3 Areas Where We Must Harness the Transformative Power of Artificial Intelligence

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3 Areas Where We Must Harness the Transformative Power of Artificial Intelligence

For most people, artificial intelligence (AI) is about robots; about some complex technology that is far away from them. This is true especially for people living in developing countries where there is a huge technology gap.  However, AI can still be implemented in the developing country context.  While we do not yet have the infrastructure to venture into driverless cars and we find most AI innovations coming from North America, Europe, and Asia, AI technology can play a huge role in achieving sustainable development. I present here three areas where AI can be used to transform our country.


For many years, the agriculture sector has been the backbone of Ghana’s economy. Despite the decline in the contribution of agriculture to Ghana’s Gross Domestic Product (GDP), the sector continues to contribute significantly. In 2016, agriculture contributed 18.9% to Ghana’s GDP. It is indeed Ghana’s largest employer, employing about 44.7% of the labour force in 2013. Therefore, it is important that we give agriculture more attention.

The application of AI to agriculture can assist our farmers to analyze weather conditions, temperature, water usage, and soil conditions in real-time. This will lead to better decisions and higher yields. Also, AI can aid in the detection of pests, diseases, and poor plant nutrition.  Furthermore, AI can be used to create forecasting models that will improve productivity. Drone technology together with computer vision and deep learning algorithms can help capture and analyze images from farms to discover problems and offer solutions to improve these farms.  Startups like KaraAgro AI are already offering these services in Ghana.  Chatbots can also play the role of agriculture extension officers by providing farmers with advice.


Over the past two decades, Ghana’s healthcare expenditure has increased significantly due to the investments in healthcare facilities and the introduction of a national health insurance system. However, these financial investments are still inadequate, and the health workforce and facilities are still limited. As of 2014, life expectancy had improved from 60.7 to 64.8 years but there has been an increase in non-communicable diseases and its corresponding increase in health cost.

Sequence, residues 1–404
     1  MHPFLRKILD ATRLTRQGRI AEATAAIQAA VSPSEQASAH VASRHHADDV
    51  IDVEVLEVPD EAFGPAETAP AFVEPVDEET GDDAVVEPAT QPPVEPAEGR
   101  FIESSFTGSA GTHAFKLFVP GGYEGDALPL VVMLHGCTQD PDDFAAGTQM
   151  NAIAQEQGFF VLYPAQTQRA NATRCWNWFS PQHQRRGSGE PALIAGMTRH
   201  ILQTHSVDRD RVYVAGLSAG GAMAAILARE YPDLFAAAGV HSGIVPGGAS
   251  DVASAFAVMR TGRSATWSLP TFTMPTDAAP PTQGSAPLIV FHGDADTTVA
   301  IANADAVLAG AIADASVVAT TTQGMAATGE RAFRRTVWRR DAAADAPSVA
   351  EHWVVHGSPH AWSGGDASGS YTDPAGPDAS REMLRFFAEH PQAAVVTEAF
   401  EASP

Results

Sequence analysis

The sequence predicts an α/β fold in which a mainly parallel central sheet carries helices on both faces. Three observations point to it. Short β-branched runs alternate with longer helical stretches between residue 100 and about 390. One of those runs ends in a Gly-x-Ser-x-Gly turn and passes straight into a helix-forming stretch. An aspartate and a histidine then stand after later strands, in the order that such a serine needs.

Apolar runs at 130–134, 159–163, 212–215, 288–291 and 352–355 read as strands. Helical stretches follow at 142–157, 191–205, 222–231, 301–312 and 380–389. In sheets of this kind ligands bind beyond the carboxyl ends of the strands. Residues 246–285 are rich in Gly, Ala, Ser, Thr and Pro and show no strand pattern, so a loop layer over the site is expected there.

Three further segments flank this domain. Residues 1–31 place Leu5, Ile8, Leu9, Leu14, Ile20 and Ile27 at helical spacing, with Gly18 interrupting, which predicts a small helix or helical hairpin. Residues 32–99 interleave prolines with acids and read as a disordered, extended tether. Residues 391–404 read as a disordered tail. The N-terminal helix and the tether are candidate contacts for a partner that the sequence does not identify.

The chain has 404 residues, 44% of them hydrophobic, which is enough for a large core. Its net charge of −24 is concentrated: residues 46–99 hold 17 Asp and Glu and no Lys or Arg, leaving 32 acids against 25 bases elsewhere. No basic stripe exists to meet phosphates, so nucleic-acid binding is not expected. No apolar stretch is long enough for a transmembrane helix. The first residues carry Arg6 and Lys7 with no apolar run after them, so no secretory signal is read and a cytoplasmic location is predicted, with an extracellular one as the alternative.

AI offers solutions that can augment the existing health infrastructure and help to make adequate use of the health workforce.  While the use of AI in healthcare requires strong regulatory standards to avoid errors that will endanger lives, they are been used elsewhere to enhance healthcare.  In fact, I even know young Ghanaians who are working on AI solutions for the health sector.  While we are not ready for AI-assisted robotic surgery, we can deploy virtual nursing assistants to answer questions and provide quick answers to patients. These virtual nursing assistants can reduce unnecessary hospital visits and offer regular communication between patients and health facilities. Moreover, AI can be used to aid clinical judgment, medical diagnoses, and image analysis.  If the examples given seem too advanced, at least we can start automating administrative tasks in our hospitals using AI.


With the implementation of the free Senior High School educational policy in Ghana, our tertiary educational institutions face the huge challenge of admitting all qualified school leavers as our educational facilities were already overstretched prior to the implementation of this policy.  The obvious alternative for me is the introduction of online studies to complement classroom instruction.  However, the COVID-19 crisis exposed the preparedness of our educational institutions to offer quality online education.  Scanning notes and sharing them on Google classroom, in e-mails, and on WhatsApp is not effective.

The integration of AI in digital learning can assist students with administrative tasks and enhance their learning experience.  While the application of AI for administrative tasks often requires human intervention, IPsoft’s Amelia provides an example of AI systems that mimic the best elements of human interaction.  Designed properly, AI systems will have several advantages over human teachers.  They can be used by a lot of students at the same time.  They can also adapt the teaching to the needs of the individual.  Moreover, they will be available at any time.


To harness the transformative power of AI, we need to focus on removing the barriers to AI adoption in Ghana. We need a digital skills strategy that pays attention to training in emerging technologies such as Artificial Intelligence, Data Science, and Software Engineering. Also, as part of the government’s digitization drive, we need to put in the necessary technology infrastructure that will help us to collect, store, and process data.  We need to reduce the manual collection of data, especially in our healthcare facilities.  Data is the lifeblood of Artificial Intelligence.  Therefore, making quality data openly accessible especially in areas such as agriculture, health, and education will lead to inclusive and sustainable local AI innovations. Finally, policymakers must work with big corporations, startups, civil society, and academia to create policy frameworks that encourage innovative and ethical local AI solutions.

Kuuku Sam is Advisor, Artificial Intelligence for Sustainable Development at GIZ and Executive Member, Institute of ICT Professionals, Ghana.

For comments, contact email kuuku.sam@iipgh.org | Mobile +233274333510